Tag Archives: Adam Thirlwell

Literary roundup: Gottfried Benn, Bulgarian fiction and Havel

In The New Republic, Adam Thirlwell reviews Michael Hoffmann’s translation of a collection of Gottfried Benn’s poetry entitled Impromptus: Selected Poems and looks at the obscurity that Benn has fallen into due to his Nazi past. It’s a fascinating article, both for grappling with the moral issues that the reputations of these “disgraced” writers bring […]

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Finnegan’s List 2013

A feminist version of Don Juan, a 900-page work of Greek surrealism that is a mixture of Joyce, Freud and Breton, one of the best Russian novels of the 20th century  – and 27 more to go. The European Society of Authors released its third annual Finnegan’s List at this year’s Frankfurt Book Fair, with […]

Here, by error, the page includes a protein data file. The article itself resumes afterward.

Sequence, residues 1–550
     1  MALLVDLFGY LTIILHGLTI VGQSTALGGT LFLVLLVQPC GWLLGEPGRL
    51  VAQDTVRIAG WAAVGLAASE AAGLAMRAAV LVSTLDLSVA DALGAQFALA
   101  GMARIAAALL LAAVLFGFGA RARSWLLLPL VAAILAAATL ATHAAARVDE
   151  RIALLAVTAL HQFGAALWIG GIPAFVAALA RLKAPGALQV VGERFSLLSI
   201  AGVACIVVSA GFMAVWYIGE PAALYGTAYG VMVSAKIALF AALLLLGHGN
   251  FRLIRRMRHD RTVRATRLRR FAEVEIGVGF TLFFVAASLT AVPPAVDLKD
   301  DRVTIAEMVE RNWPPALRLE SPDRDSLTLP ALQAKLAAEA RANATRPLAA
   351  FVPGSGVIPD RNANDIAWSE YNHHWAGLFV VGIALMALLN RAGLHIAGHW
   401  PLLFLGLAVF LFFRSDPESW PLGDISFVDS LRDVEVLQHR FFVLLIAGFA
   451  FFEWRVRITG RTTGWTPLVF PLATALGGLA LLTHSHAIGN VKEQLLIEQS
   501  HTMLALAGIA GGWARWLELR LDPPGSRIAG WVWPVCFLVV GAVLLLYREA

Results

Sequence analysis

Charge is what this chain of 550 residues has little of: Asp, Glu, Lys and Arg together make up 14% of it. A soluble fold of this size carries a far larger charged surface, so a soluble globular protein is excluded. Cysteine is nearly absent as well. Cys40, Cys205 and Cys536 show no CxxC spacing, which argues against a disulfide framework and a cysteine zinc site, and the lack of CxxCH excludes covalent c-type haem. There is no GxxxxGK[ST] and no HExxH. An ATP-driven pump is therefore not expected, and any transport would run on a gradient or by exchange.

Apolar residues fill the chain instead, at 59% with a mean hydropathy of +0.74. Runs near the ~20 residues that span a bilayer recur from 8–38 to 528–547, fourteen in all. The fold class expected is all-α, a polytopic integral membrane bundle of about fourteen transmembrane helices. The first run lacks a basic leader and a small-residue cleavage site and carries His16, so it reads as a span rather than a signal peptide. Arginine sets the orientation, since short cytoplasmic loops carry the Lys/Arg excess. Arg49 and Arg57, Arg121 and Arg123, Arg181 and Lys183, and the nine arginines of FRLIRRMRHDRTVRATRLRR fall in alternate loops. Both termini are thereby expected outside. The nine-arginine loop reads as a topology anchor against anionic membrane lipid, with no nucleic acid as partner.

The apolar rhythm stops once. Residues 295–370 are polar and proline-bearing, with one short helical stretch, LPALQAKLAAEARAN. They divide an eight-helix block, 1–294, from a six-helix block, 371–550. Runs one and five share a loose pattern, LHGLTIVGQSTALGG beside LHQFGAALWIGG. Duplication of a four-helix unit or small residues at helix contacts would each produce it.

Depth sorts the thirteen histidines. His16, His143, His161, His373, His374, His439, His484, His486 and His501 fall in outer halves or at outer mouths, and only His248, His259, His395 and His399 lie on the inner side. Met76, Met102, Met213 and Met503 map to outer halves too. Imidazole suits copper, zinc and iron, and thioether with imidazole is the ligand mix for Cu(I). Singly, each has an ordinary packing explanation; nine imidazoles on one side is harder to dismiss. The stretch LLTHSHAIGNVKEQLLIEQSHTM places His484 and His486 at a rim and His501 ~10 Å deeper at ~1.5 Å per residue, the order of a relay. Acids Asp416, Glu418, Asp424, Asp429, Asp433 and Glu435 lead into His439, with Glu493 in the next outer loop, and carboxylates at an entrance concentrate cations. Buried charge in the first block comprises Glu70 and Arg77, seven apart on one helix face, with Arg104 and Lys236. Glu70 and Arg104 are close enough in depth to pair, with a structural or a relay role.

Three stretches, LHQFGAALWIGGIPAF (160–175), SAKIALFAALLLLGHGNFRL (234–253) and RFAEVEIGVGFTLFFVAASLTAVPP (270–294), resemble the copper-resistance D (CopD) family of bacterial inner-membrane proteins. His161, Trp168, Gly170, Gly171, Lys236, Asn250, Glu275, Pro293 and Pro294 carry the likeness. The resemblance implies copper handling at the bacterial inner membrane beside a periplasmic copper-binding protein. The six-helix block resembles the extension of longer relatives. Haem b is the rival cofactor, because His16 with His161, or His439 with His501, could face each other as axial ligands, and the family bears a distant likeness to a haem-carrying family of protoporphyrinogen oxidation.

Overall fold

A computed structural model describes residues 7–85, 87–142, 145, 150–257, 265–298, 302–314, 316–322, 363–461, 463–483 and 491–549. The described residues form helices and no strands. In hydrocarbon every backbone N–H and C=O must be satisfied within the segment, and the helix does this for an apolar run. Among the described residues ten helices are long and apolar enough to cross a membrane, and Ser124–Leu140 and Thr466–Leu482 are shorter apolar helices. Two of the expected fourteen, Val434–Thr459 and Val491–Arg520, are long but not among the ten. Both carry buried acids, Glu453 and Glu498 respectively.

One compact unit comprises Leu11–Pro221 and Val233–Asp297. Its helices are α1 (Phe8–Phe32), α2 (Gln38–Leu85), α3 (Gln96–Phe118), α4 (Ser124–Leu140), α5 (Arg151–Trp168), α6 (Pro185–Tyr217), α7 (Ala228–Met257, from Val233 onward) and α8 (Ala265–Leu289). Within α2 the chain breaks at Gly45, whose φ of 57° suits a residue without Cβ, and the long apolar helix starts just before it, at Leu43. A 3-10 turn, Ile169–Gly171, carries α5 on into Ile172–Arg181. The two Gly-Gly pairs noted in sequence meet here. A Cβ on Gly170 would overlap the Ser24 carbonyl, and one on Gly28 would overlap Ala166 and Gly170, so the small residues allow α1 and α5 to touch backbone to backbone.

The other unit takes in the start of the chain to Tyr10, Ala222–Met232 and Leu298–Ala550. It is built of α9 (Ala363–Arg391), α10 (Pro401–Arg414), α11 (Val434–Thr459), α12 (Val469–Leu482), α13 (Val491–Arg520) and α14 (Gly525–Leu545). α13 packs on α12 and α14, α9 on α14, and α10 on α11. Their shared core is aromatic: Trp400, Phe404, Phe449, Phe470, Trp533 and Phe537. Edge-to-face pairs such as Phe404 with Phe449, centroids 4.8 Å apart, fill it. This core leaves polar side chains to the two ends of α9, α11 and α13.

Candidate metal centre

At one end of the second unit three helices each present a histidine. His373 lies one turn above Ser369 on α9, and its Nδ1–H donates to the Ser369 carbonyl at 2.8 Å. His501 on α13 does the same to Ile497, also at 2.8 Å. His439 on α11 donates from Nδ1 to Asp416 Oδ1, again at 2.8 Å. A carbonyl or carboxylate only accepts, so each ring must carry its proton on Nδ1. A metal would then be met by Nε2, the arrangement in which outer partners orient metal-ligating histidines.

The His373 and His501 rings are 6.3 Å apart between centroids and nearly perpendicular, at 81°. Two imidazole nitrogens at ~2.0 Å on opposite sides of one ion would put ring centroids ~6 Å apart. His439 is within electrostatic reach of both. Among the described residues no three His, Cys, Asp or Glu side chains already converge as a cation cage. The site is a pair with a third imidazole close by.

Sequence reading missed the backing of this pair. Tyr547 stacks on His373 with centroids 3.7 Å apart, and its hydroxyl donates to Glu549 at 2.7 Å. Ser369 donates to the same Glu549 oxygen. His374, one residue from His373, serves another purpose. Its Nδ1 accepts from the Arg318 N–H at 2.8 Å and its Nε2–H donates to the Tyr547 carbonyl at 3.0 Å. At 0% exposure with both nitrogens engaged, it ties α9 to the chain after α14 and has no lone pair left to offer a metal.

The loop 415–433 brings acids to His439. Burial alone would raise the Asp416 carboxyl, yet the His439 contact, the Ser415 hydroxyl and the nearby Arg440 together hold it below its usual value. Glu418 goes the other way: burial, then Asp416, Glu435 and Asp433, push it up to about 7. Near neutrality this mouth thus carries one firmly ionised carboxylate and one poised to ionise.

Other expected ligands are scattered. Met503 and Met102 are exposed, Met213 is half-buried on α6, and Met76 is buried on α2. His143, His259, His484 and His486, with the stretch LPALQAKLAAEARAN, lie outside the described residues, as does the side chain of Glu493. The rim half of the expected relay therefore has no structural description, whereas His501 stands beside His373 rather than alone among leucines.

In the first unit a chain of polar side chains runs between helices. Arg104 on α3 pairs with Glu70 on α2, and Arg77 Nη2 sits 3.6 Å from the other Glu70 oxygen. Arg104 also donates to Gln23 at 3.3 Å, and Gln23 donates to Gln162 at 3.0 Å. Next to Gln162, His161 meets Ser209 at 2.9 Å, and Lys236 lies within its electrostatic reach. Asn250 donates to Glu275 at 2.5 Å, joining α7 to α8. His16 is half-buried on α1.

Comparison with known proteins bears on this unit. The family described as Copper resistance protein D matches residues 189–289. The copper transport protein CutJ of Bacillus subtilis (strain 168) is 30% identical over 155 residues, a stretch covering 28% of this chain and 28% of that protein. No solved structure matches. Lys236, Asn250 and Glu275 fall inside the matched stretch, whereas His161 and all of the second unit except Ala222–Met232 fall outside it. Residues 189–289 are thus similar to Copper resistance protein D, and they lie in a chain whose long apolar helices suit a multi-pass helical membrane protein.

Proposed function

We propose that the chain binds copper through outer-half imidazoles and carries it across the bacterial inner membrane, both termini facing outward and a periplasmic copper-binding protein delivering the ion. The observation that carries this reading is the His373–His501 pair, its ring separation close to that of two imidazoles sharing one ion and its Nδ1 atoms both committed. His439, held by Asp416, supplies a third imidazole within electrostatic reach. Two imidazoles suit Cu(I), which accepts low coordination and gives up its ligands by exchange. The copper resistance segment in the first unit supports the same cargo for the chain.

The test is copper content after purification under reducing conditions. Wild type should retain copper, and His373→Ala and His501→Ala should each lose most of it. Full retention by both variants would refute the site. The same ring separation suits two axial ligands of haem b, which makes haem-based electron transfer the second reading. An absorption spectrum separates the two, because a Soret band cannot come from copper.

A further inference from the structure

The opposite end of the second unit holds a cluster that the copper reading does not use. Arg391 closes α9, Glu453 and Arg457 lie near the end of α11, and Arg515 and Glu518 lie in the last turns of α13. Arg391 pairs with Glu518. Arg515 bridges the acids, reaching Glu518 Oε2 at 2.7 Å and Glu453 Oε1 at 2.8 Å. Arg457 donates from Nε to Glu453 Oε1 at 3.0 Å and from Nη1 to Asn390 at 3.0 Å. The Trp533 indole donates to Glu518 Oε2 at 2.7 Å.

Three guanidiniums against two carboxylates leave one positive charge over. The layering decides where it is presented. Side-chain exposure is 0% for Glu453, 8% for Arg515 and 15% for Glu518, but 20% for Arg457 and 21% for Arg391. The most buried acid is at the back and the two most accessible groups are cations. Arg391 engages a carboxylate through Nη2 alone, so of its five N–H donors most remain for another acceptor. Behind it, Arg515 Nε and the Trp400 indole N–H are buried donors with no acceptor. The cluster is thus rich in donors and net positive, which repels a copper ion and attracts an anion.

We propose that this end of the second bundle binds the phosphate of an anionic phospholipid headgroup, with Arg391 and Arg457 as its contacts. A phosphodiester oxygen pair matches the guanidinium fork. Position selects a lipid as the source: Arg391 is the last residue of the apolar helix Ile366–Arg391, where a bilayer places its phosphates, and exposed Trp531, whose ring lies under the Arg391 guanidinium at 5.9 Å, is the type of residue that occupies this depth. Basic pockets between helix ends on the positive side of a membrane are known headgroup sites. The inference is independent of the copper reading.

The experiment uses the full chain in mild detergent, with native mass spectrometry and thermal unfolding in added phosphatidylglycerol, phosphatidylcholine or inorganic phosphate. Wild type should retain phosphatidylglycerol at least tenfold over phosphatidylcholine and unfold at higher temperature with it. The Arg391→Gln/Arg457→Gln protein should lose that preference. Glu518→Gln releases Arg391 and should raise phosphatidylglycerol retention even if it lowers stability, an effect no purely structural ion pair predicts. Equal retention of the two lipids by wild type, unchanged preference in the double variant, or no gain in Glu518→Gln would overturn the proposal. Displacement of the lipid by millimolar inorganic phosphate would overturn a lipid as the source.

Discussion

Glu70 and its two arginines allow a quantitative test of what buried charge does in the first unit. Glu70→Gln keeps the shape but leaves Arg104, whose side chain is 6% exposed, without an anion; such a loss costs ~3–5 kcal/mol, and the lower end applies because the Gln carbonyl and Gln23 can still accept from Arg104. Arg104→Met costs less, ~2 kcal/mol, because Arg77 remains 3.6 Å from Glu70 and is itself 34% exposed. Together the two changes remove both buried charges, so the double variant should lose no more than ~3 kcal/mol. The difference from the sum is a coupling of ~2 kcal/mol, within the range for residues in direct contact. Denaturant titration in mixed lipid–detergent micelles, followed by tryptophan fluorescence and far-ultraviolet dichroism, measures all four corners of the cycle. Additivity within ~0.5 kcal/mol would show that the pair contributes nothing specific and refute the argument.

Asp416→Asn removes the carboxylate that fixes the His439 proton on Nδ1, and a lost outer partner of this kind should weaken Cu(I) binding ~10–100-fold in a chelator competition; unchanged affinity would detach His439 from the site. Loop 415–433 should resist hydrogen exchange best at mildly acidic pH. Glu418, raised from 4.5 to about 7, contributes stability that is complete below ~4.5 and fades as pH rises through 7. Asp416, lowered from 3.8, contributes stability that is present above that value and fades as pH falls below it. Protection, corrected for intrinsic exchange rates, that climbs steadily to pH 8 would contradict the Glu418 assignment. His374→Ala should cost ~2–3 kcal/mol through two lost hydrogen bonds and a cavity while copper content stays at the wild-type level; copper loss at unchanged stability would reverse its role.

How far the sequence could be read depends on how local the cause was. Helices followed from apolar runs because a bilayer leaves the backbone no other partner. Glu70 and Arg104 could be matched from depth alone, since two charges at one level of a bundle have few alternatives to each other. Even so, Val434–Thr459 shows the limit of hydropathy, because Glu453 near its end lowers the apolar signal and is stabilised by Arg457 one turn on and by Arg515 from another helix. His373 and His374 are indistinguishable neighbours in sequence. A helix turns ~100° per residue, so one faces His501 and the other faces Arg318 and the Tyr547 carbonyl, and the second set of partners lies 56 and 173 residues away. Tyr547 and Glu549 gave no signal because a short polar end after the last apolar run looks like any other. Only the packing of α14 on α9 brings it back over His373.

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On the non-existence of Central European literature

Central European literary life A recurring obstacle to writing about Central European literature is the fact that it apparently doesn’t exist. As recently as this year, when Penguin UK brought out its series of Central European Classics, British novelist Adam Thirlwell began his overview of the collection by writing “I can put it like this. […]

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